According to Condé Nast Traveler, the half-door trend began in European hotels in the 1980s. “A lot of it comes down to people trying to design hotel rooms with limited space,” boutique hotel designer Tom Parker told the magazine. “It’s about the swing of the shower door, because it has to open outward for safety reasons, like [if] someone falls in the shower. You have to figure out where the door swing’s going to go, make sure it’s not [hitting] the main door. It’s just about clearances.” A smaller door also has the added benefit of making the space appear larger than it really is, according to the magazine.

The trend is also connected to the birth of minimalist “lifestyle hotels,” which cater to a younger, hipper clientele that gravitates toward sleek lines and modern design. Plus, half-size glass doors are easier to clean than shower curtains, which tend to trap bacteria and need to regularly be replaced, which can add up to significant additional costs for a hotel.

Theoretically, even half-door showers are designed to minimize water spillage. Designers try to level the floors in bathrooms so water doesn’t pool in random areas, and they place shower heads and knobs in areas that are more protected by glass paneling. And where design doesn’t work, hotels try to pick up the slack.

“Hotels tend to mitigate the risks by offering non-slip interior shower mats, cloth bath mats for stepping out of the shower, grab bars, [and] open showers or no-sill showers which avoid having to step up and over the ledge,” designer Douglas DeBoer, founder and CEO of Rebel Design Group, told Condé Nast Traveler.

But the half-door trend still has yet to gain much love from hotel guests. “The older generation much, much prefers having a shower door,” Parker told Condé Nast Traveler. “I’m like a 70-year-old man at heart anyway. I like [a shower door] if it’s in keeping with the style of the rest of the room.”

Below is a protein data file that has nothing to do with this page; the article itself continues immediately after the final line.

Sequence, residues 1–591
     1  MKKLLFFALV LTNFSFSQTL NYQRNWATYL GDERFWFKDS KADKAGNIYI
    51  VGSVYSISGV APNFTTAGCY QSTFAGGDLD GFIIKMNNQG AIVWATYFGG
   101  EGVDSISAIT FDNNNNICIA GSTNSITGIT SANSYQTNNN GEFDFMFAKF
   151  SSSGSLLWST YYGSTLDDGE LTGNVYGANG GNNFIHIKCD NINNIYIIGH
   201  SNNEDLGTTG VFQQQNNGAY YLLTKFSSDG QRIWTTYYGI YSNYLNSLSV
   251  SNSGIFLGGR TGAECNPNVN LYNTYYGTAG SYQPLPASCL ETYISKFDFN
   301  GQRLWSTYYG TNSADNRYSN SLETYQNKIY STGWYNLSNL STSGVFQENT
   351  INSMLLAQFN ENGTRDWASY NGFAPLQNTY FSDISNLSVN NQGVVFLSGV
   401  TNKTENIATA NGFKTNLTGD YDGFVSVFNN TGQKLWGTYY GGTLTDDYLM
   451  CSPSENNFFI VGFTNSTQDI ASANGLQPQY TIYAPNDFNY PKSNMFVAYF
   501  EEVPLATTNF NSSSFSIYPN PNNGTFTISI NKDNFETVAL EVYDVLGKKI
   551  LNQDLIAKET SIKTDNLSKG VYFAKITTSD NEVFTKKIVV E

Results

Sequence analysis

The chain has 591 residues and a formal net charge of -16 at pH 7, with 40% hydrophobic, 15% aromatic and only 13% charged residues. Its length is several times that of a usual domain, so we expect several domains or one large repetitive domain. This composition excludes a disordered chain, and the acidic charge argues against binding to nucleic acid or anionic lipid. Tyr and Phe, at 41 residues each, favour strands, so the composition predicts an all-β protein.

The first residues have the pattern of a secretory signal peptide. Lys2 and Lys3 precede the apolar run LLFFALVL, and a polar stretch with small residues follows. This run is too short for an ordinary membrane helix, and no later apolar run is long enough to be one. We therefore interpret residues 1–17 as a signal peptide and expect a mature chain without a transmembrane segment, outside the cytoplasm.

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Does Pushing the Button at a Crosswalk Actually Do Anything?

Pressing this crosswalk button may or may not do something.
Pressing this crosswalk button may or may not do something.
David Tran/iStock via Getty Images

Since crosswalk signals rarely seem to give you the green light (or more accurately, the white, human-shaped light) right after you press the button, you may find yourself wondering if those buttons actually work. The potentially exasperating answer is this: It depends.

First and foremost, it’s important to understand that crosswalk buttons aren’t designed to have an immediate effect; they’re just supposed to tell the system that a person is waiting to cross. As CityLab explained, some systems won’t ever give pedestrians the crossing signal unless someone has pressed the button, while others are programmed to shorten the wait time for walkers when the button has been pressed. No matter what, the system still has to cycle through its other phases to give cars enough time to pass through the intersection, so you’ll probably still have to stand there for a moment.

During busy traffic times or under other extenuating circumstances, however, cities can switch the system to what’s known as “recall mode,” when pedestrian crossings are part of the cycle already and pressing the button quite literally changes nothing. Unfortunately, there’s no way to tell if a particular button is in recall mode, short of calling your city officials and asking an expert to come inspect it.

But if you feel like a button isn’t doing anything, there’s a pretty good chance it’s been permanently deactivated. As congestion has increased and the systems to manage it have become more advanced over the years, cities have moved away from using crosswalk buttons at all. In 2018, for example, CNN reported that only around 100 of New York City’s 1000 buttons were still functioning. Since actually removing the buttons from crosswalks would be a costly endeavor, cities have opted to leave them intact, just waiting to be pummeled by impatient pedestrians who don’t know any better.

What about 'close door' buttons on elevators, you ask? That depends, too.